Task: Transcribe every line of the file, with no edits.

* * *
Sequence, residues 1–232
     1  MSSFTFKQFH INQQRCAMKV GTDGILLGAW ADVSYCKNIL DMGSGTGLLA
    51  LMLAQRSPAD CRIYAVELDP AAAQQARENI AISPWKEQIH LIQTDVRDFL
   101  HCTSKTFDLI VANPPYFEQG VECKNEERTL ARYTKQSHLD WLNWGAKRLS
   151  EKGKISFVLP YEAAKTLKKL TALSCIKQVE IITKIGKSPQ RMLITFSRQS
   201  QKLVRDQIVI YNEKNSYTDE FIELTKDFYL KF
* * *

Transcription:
Sequence, residues 1–232
     1  MSSFTFKQFH INQQRCAMKV GTDGILLGAW ADVSYCKNIL DMGSGTGLLA
    51  LMLAQRSPAD CRIYAVELDP AAAQQARENI AISPWKEQIH LIQTDVRDFL
   101  HCTSKTFDLI VANPPYFEQG VECKNEERTL ARYTKQSHLD WLNWGAKRLS
   151  EKGKISFVLP YEAAKTLKKL TALSCIKQVE IITKIGKSPQ RMLITFSRQS
   201  QKLVRDQIVI YNEKNSYTDE FIELTKDFYL KF